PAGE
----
These containers provide the advantage of selectively accessing the contents thereof, while providing a means to close the same between uses. However, a disadvantage with such end closures is that the lid portion which was pushed down to access the material in the container tends to flex toward its initially closed position, due to the resilience of the hinge portion. This causes the pour opening to be restricted in size, particularly when the container is inverted to pour powdered substances therefrom. There are times when the lid portion can completely block the opening. Therefore, it would be desireable to provide a structure which retains the openable lid portion in an open position so as to not interfere with accessing the container contents.
FIGS. 1-7 show various prior attempts to develop end closures that exhibit a type of flat rotor that was rotatably retained on a base without use of a rivet type connector or a mechanism to hold a press-open lid in an open position.
FIGS. 1 and 2 correspond to a type of end closure suitable for placement at the end of a container to close the interior. The end closure is comprised of a base and a rotor retained on the base and in a central portion of the base which extends radially outwardly from the rotor. The periphery of the rotor is provided with a raised or upwardly extending edge that includes a substantially C-shaped cross-section annular ring that corresponds to a reverse C-shaped cross-sectional retaining groove formed within the base. The bottom surface of the rotor was essentially a flat planar surface and included a cut-out opening and shaker openings. The base included a smile-shaped knockout panel which would be opened by removing the entire piece of plastic. The base was also characterized by two levels, one corresponding to the surface that extended radially outwardly from the rotor, the other located beneath the rotor.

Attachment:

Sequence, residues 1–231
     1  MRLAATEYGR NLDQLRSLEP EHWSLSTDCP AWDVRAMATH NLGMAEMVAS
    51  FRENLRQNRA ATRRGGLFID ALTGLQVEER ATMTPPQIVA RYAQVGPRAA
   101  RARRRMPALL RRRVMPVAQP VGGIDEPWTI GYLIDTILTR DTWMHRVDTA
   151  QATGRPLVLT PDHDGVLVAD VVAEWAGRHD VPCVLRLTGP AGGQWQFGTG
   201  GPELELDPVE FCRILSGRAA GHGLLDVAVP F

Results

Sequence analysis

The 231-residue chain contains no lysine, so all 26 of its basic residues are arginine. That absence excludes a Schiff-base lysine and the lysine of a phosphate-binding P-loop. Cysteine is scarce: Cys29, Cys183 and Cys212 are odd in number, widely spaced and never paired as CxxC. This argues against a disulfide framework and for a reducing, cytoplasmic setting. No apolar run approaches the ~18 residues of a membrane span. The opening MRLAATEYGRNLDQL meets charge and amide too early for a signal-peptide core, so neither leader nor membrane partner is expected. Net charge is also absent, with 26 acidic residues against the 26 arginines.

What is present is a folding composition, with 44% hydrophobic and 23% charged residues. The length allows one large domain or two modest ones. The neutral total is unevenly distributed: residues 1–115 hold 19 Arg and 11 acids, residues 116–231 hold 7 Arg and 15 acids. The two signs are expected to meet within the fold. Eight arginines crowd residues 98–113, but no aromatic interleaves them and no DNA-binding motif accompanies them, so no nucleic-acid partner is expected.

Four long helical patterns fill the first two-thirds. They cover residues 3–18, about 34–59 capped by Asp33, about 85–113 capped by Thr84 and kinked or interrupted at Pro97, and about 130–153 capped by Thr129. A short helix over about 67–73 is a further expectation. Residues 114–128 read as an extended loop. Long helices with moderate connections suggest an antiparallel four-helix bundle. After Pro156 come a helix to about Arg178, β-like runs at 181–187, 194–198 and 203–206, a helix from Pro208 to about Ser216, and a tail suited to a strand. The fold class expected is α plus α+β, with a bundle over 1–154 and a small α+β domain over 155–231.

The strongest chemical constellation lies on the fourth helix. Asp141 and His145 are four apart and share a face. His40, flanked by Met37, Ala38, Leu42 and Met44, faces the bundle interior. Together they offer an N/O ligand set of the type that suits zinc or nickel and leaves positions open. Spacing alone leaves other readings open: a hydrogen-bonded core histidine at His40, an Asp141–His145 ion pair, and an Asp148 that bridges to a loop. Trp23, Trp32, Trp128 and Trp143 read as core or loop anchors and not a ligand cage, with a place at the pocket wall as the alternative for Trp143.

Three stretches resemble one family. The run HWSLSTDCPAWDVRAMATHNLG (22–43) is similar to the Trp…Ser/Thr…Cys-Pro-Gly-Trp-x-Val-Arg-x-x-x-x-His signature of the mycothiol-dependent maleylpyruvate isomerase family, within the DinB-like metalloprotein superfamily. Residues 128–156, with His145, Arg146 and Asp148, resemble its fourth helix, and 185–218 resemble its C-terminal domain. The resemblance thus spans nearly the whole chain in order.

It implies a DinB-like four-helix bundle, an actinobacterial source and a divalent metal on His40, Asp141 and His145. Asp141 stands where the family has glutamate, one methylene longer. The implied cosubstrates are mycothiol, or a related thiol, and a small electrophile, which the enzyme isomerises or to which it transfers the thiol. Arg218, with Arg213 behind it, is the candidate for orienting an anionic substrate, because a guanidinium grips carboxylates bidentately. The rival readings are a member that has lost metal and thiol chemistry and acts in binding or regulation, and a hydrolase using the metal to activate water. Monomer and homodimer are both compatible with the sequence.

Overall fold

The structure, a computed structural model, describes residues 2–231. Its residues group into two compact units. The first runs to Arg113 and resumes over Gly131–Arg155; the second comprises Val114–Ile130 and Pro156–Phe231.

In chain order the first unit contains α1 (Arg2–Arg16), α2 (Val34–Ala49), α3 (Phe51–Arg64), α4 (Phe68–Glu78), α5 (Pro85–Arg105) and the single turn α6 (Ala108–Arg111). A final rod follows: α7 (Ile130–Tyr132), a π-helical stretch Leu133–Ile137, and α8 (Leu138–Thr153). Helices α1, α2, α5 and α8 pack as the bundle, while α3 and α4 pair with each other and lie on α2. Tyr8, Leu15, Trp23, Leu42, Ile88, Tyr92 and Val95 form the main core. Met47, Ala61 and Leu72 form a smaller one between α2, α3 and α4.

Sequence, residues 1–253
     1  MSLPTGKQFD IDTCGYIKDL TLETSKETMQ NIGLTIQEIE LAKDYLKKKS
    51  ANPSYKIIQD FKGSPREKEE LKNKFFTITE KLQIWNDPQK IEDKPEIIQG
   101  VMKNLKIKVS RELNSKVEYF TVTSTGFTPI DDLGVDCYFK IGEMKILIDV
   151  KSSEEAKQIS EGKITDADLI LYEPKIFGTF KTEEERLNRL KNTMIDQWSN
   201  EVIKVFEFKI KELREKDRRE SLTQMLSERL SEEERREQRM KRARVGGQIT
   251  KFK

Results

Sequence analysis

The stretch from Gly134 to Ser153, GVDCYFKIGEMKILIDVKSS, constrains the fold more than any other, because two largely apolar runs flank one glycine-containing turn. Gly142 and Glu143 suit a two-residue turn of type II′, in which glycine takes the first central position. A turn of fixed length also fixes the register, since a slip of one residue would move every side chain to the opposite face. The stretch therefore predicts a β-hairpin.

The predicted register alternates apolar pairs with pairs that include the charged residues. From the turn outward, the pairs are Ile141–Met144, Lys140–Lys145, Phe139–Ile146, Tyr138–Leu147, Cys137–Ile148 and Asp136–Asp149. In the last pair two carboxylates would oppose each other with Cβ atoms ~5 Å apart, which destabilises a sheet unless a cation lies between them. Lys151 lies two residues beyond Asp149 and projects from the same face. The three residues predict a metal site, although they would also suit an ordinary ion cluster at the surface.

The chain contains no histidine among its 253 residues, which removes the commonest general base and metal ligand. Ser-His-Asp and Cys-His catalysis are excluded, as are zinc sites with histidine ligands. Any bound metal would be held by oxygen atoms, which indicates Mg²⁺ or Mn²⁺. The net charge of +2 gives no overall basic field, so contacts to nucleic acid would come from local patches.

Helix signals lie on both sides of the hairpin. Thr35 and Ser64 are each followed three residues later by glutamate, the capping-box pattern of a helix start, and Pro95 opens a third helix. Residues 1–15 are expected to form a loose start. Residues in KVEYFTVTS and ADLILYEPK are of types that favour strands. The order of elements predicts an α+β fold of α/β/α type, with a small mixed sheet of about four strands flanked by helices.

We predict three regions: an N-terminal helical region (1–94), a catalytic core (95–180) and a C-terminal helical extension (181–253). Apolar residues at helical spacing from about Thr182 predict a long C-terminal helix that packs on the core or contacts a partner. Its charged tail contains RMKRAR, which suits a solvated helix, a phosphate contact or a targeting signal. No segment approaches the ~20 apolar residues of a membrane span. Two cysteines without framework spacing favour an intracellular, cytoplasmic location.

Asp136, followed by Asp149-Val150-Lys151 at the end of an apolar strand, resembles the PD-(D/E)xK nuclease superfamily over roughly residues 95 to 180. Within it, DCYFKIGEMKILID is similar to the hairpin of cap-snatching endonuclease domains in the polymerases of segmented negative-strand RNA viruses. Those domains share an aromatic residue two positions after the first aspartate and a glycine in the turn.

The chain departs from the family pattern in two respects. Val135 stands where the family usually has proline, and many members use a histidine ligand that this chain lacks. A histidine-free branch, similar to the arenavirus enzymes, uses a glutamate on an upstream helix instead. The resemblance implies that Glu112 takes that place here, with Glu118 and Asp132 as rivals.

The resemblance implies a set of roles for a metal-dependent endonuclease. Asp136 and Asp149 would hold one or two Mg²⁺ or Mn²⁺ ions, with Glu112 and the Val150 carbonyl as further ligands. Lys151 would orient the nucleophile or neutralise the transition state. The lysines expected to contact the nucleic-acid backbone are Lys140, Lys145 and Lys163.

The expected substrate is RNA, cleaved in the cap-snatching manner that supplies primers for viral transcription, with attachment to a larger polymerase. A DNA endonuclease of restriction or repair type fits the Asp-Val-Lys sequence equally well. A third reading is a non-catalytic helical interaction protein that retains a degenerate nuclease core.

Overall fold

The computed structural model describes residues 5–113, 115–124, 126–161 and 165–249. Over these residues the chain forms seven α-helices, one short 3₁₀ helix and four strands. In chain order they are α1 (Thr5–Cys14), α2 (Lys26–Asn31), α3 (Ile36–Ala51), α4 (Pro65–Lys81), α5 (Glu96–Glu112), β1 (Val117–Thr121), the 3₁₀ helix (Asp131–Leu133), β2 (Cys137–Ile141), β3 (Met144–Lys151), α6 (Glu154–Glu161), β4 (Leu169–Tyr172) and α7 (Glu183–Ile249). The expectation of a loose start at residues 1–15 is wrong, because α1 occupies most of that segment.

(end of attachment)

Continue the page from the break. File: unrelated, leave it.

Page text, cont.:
The end closure shown in FIGS. 3-5 is another version where the rotor, so marked, also had a flat planar bottom surface. The rotor was held in the base, as marked, by means of an annular extension, projecting slightly beyond the peripheral edge of the rotor and a mating groove formed in the base. Both the annular extension and groove were radiused. The bottom surface of the rotor was spaced above the upper surface of the base against which it was positioned forming an open space therebetween in which debris or material from the container could collect. Also, the radiused extension/groove approach for retaining the rotor on the base was not sufficiently positive to hold the rotor in place and provide a suitable seal for the contents inside the container.